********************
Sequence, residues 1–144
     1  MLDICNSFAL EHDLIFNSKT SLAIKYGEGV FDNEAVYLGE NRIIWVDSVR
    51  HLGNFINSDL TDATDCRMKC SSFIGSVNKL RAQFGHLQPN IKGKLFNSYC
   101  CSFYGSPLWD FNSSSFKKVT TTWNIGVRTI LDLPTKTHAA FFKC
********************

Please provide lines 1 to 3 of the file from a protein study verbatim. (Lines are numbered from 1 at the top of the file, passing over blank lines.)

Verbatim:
Sequence, residues 1–144
     1  MLDICNSFAL EHDLIFNSKT SLAIKYGEGV FDNEAVYLGE NRIIWVDSVR
    51  HLGNFINSDL TDATDCRMKC SSFIGSVNKL RAQFGHLQPN IKGKLFNSYC